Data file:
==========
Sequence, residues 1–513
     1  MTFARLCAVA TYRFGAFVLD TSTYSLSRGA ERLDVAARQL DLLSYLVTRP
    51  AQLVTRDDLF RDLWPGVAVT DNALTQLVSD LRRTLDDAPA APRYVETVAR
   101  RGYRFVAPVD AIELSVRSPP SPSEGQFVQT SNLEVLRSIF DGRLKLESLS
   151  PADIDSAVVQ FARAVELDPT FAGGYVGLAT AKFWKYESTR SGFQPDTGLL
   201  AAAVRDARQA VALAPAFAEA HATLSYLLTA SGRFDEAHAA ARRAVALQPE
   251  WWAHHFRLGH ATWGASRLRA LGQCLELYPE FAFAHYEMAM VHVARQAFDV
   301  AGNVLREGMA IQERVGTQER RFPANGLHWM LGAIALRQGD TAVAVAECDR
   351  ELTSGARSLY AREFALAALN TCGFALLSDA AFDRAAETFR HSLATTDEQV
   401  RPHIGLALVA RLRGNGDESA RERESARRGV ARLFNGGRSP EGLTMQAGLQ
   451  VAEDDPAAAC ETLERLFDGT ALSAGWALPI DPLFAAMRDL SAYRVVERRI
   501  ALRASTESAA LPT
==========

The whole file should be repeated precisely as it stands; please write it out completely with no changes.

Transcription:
Sequence, residues 1–513
     1  MTFARLCAVA TYRFGAFVLD TSTYSLSRGA ERLDVAARQL DLLSYLVTRP
    51  AQLVTRDDLF RDLWPGVAVT DNALTQLVSD LRRTLDDAPA APRYVETVAR
   101  RGYRFVAPVD AIELSVRSPP SPSEGQFVQT SNLEVLRSIF DGRLKLESLS
   151  PADIDSAVVQ FARAVELDPT FAGGYVGLAT AKFWKYESTR SGFQPDTGLL
   201  AAAVRDARQA VALAPAFAEA HATLSYLLTA SGRFDEAHAA ARRAVALQPE
   251  WWAHHFRLGH ATWGASRLRA LGQCLELYPE FAFAHYEMAM VHVARQAFDV
   301  AGNVLREGMA IQERVGTQER RFPANGLHWM LGAIALRQGD TAVAVAECDR
   351  ELTSGARSLY AREFALAALN TCGFALLSDA AFDRAAETFR HSLATTDEQV
   401  RPHIGLALVA RLRGNGDESA RERESARRGV ARLFNGGRSP EGLTMQAGLQ
   451  VAEDDPAAAC ETLERLFDGT ALSAGWALPI DPLFAAMRDL SAYRVVERRI
   501  ALRASTESAA LPT